Tesla plans to raise as much as $ 5 billion by selling shares, as the American electric car pioneer profits from a rally that will propel him into the S&P 500 this month.
The company said in a deposit Tuesday that he would occasionally sell new shares in the open market, which would give him more pricing flexibility than if he held a formal secondary stock offering.
The announcement comes just weeks before Tesla enters the S&P 500, a move that should fuel further demand for the stock as passive investors who follow the US benchmark are forced to buy.
Tesla hired 10 banks, including Goldman Sachs, Citigroup and Barclays, to help it sell the shares.
Despite a six-fold increase in its shares that propelled its market cap to over $ 500 billion this year, Tesla only became eligible for inclusion in the S&P 500 after posting a fourth consecutive quarter of profits in the during the summer.
Long pursued by problems in achieving its delivery targets, an improvement in its underlying performance in 2020 has established its credentials with investors.
However, the challenges Tesla faces are multiplying. Despite a lead in battery-powered car technology, Tesla faces renewed competition from historical players such as Volkswagen, which has pledged to spend € 35 billion to achieve its ambitions in electric vehicles.
VW, the world’s largest automaker by volume, aims to achieve 20% of global electric car sales by 2025 and produce 26 million fully electric vehicles by the end of the decade.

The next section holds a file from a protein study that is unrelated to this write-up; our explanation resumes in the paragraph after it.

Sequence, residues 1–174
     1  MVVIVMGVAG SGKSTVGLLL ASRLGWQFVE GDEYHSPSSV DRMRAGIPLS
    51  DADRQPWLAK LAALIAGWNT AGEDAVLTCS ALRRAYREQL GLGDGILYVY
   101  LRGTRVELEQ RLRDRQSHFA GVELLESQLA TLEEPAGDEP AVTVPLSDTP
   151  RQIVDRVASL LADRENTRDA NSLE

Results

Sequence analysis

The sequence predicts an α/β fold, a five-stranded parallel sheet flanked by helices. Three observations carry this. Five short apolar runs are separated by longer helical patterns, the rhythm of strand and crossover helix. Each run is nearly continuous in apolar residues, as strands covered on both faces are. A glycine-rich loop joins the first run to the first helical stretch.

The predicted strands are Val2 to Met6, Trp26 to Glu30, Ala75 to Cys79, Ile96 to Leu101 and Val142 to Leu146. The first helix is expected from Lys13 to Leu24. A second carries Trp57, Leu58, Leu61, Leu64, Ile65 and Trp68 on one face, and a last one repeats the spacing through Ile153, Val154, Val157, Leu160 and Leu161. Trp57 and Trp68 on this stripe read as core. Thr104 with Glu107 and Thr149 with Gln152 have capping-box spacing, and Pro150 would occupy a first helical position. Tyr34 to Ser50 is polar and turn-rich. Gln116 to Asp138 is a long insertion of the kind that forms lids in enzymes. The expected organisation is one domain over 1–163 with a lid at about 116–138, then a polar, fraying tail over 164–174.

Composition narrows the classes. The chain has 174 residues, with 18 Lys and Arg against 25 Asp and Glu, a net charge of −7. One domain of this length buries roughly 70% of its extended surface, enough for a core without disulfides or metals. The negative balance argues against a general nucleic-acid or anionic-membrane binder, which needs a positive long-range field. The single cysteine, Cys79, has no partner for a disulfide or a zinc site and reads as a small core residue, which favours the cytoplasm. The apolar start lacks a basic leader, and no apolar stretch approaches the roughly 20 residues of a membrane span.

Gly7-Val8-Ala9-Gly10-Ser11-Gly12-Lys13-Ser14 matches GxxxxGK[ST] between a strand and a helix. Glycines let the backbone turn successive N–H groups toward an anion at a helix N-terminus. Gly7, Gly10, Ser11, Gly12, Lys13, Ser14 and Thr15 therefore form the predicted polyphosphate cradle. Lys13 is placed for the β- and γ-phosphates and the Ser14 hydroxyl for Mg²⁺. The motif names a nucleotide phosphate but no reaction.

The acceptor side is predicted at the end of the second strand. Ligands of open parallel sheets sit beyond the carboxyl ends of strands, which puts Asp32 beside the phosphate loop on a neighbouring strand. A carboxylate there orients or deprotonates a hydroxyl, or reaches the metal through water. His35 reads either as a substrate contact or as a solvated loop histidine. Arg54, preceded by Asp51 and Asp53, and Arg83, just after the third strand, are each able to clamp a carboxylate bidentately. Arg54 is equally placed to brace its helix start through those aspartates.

In contrast, Tesla has planned to set a record by producing more than 500,000 cars this year – but still a fraction of the 10 million units produced each year by VW and Toyota. The US company, which posted its fifth consecutive quarterly profit in October, is building a plant in Germany and ramping up production at its newly opened Chinese plant.
In July, the group overtook Toyota, the world’s most valuable automaker, when its market value exceeded $ 200 billion. Since then, Tesla’s value has more than doubled.
The astonishing rally has also raised concerns about the group’s valuation, with skeptics pointing out that its profits have been aided by the sale of regulatory credits – in which the carmarker sells zero-emission credits to rivals in need.
Elon Musk, founder and CEO of Tesla, has previously used selling stocks – and the bond market – as a means of raising funds. In September, Tesla announced a similar stock sale.
Mr. Musk also introduced a stock split in late August, the first in its history, to make it easier for small investors to buy the company.